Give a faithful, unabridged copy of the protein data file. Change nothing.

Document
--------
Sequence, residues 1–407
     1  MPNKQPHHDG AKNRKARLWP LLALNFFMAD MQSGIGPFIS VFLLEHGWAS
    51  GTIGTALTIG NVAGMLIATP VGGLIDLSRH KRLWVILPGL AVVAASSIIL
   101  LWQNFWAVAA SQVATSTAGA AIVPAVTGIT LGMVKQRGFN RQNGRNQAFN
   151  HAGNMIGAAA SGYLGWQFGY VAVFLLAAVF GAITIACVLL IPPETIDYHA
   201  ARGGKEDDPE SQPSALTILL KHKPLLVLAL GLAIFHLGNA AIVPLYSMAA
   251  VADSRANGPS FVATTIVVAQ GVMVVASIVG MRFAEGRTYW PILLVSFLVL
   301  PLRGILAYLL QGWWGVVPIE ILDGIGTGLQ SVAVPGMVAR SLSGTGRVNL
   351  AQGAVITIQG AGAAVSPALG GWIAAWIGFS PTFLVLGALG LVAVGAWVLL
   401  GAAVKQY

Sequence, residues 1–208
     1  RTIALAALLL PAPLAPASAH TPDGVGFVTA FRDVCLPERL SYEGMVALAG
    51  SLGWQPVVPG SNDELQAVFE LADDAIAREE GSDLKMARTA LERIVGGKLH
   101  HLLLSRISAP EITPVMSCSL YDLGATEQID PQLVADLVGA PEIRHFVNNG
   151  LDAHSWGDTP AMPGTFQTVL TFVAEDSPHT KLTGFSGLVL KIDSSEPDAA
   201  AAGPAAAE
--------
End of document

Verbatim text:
Sequence, residues 1–407
     1  MPNKQPHHDG AKNRKARLWP LLALNFFMAD MQSGIGPFIS VFLLEHGWAS
    51  GTIGTALTIG NVAGMLIATP VGGLIDLSRH KRLWVILPGL AVVAASSIIL
   101  LWQNFWAVAA SQVATSTAGA AIVPAVTGIT LGMVKQRGFN RQNGRNQAFN
   151  HAGNMIGAAA SGYLGWQFGY VAVFLLAAVF GAITIACVLL IPPETIDYHA
   201  ARGGKEDDPE SQPSALTILL KHKPLLVLAL GLAIFHLGNA AIVPLYSMAA
   251  VADSRANGPS FVATTIVVAQ GVMVVASIVG MRFAEGRTYW PILLVSFLVL
   301  PLRGILAYLL QGWWGVVPIE ILDGIGTGLQ SVAVPGMVAR SLSGTGRVNL
   351  AQGAVITIQG AGAAVSPALG GWIAAWIGFS PTFLVLGALG LVAVGAWVLL
   401  GAAVKQY

Sequence, residues 1–208
     1  RTIALAALLL PAPLAPASAH TPDGVGFVTA FRDVCLPERL SYEGMVALAG
    51  SLGWQPVVPG SNDELQAVFE LADDAIAREE GSDLKMARTA LERIVGGKLH
   101  HLLLSRISAP EITPVMSCSL YDLGATEQID PQLVADLVGA PEIRHFVNNG
   151  LDAHSWGDTP AMPGTFQTVL TFVAEDSPHT KLTGFSGLVL KIDSSEPDAA
   201  AAGPAAAE